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Moxie owner William Plunkett has some summer plans for the lot next to his restaurant on Wall Street. Plunkett recently appeared before the Planning & Zoning Commission (PZC) to discuss holding a summer festival or block party of sorts on the vacant lot right before school lets out for the summer.
The lot in question is the land between the Moxie restaurant and the white house, also owned by Plunkett, located just south at 40 Wall Street. The idea for the event would be to have a family and friends event with live music, food, local brewers, a magician, and maybe a face painter, according to Plunkett.
“It would just be to start the summer and make it festive before the summer really kicks off,” he said. “I wanted to do it as a reward, essentially, for the kids as they get out of school. It’s also for the parents and it’s something to look forward to before school gets out and it’s also just a good way to launch the summer.”
Plunkett described the potential event as a good-will gesture to the community from which he probably wouldn’t profit. He also made it clear to PZC that he is not looking to hold an event like the since-prohibited Grassy Strip concerts at the Madison Beach Hotel.
“It would be smaller musical acts coming in and out,” he said. “Some might be jazz; it would not be hard rock and roll kind of stuff. It would be smaller musical acts, but ultimately it is just a way to get people down the street and just expose whoever doesn’t come to Moxie to Moxie and just to show goodwill.”
Plunkett said he initially bought the empty lot to protect his neighboring investments and had been trying to come up with a creative way to use the property without necessarily building a structure. He said the space is perfect for setting up a tent, some tables, and a small stage.
“I think this would be a big draw for the town if it was done in the right way,” he said. “I have already started interviewing musical acts, most of it is acoustic…so it’s just supposed to be a fun event that anyone can come to. It’s not something that you are going to have to pay at the door.”
Asked if he saw this event as a one-time thing, Plunkett said if the event is a success, there could be an opportunity to do more similar events. Director of Planning and Economic Development Dave Anderson said he has been speaking with Plunkett about the potential event. He said if it is a one-time event, the approval process is less complicated.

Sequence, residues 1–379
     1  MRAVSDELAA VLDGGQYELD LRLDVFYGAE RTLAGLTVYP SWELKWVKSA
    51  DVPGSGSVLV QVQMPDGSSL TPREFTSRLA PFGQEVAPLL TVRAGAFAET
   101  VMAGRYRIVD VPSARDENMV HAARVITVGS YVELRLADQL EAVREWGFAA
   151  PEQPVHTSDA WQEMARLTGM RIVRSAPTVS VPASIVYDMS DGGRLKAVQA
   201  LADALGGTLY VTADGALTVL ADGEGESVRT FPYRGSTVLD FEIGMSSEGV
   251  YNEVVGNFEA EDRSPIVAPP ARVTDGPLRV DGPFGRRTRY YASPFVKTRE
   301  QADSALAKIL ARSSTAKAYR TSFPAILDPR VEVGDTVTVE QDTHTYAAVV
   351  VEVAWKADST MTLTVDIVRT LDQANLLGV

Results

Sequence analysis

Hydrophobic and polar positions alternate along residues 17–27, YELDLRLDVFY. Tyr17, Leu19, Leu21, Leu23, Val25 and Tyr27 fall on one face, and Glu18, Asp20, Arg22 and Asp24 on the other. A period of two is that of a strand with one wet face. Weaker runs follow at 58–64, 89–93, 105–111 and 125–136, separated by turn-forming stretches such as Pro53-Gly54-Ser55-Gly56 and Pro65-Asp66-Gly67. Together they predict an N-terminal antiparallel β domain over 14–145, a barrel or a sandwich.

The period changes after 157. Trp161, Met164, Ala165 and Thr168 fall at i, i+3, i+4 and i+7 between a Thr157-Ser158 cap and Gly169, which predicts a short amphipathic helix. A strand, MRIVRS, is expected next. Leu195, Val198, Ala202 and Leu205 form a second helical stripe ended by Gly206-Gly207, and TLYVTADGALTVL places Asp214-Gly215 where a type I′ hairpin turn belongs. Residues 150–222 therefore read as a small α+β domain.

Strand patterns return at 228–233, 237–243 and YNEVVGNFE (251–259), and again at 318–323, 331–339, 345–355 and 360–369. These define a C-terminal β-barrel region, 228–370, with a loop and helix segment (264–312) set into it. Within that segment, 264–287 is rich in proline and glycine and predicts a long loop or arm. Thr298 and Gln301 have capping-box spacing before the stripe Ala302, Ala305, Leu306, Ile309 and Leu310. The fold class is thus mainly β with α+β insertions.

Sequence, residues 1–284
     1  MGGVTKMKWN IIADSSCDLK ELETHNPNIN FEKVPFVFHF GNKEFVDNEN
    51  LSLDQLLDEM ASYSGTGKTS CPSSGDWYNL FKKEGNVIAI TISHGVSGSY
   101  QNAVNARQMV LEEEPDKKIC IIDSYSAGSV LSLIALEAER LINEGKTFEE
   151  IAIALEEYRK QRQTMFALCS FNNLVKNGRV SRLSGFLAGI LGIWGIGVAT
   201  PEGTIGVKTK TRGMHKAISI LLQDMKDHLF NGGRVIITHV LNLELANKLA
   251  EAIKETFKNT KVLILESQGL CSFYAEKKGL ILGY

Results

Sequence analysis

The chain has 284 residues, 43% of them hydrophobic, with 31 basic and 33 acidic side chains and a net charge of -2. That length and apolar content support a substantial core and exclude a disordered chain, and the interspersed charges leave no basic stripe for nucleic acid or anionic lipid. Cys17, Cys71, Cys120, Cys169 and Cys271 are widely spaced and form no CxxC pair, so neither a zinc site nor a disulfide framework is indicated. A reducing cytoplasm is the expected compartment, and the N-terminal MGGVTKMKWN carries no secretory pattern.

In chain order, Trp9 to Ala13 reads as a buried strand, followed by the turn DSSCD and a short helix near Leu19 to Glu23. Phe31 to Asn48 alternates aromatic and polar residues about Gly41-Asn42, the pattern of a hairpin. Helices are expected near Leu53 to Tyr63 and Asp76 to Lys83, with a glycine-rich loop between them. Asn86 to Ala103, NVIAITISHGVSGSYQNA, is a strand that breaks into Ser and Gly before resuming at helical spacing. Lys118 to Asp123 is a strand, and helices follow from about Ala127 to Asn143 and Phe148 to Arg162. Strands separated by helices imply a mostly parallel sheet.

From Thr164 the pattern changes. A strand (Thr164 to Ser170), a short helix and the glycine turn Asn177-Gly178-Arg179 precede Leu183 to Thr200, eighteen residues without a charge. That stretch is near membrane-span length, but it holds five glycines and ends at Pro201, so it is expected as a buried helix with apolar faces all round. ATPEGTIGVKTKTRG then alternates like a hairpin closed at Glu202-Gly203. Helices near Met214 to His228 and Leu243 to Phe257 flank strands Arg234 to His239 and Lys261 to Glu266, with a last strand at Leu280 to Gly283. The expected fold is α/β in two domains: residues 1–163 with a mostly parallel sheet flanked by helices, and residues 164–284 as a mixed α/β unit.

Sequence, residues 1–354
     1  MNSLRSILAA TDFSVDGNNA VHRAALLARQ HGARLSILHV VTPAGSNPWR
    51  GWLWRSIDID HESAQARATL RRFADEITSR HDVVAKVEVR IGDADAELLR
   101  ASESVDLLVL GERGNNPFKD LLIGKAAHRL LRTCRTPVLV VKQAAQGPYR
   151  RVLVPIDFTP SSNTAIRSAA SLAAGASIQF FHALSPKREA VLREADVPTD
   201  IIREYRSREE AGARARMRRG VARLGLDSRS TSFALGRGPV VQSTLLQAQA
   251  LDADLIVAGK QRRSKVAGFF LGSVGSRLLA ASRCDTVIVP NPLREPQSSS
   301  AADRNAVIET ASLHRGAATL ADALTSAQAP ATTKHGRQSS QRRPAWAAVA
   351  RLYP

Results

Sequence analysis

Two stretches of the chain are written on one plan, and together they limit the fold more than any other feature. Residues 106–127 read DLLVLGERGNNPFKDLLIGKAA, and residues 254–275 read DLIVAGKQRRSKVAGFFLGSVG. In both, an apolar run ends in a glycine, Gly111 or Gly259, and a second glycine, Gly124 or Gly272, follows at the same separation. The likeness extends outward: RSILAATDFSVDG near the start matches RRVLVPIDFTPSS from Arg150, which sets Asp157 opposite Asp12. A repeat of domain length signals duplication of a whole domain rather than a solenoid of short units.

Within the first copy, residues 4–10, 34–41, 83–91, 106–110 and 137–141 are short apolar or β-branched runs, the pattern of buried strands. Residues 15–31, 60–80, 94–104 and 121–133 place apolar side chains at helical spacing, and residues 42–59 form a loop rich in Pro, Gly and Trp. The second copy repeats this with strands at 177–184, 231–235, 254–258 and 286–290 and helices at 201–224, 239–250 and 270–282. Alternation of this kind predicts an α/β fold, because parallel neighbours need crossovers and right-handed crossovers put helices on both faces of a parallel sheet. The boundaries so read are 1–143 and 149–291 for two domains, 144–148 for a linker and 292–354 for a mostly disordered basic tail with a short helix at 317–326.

“What we will have to do in house is Plunkett will have to apply for an extension of his liquor permit to cover this property, so the fire marshal, zoning enforcement, and Health Department will need to sign off on that,” he said. “There are checks and balances beyond you guys (PZC) just giving the thumbs up.”
Plunkett said the event would likely go from 2 to 7 p.m. on a Sunday. Any alcohol sold would be limited to beer and/or wine and kept in a confined tent requiring ID and a wristband.
PZC members said both the Chamber of Commerce and the Economic Development Commission (EDC) would likely support this event and also suggested Plunkett consider reaching out to neighboring businesses to see if there is a potential to make it a real block party-type event.
“People have been talking about trying to do an event downtown for a while and I think it would be a good opportunity and this is honestly one of the only places to do something like this,” said Anderson.
Anderson said he would keep working with Plunkett and keep PZC informed of the planning process. PZC Chair Ron Clark said he wasn’t sure about having the event on a Sunday, but gave the green light to continuing with planning.
“I think it’s a good idea and has a lot of potential,” he said. “I just hope it works well and we don’t run into any issues.”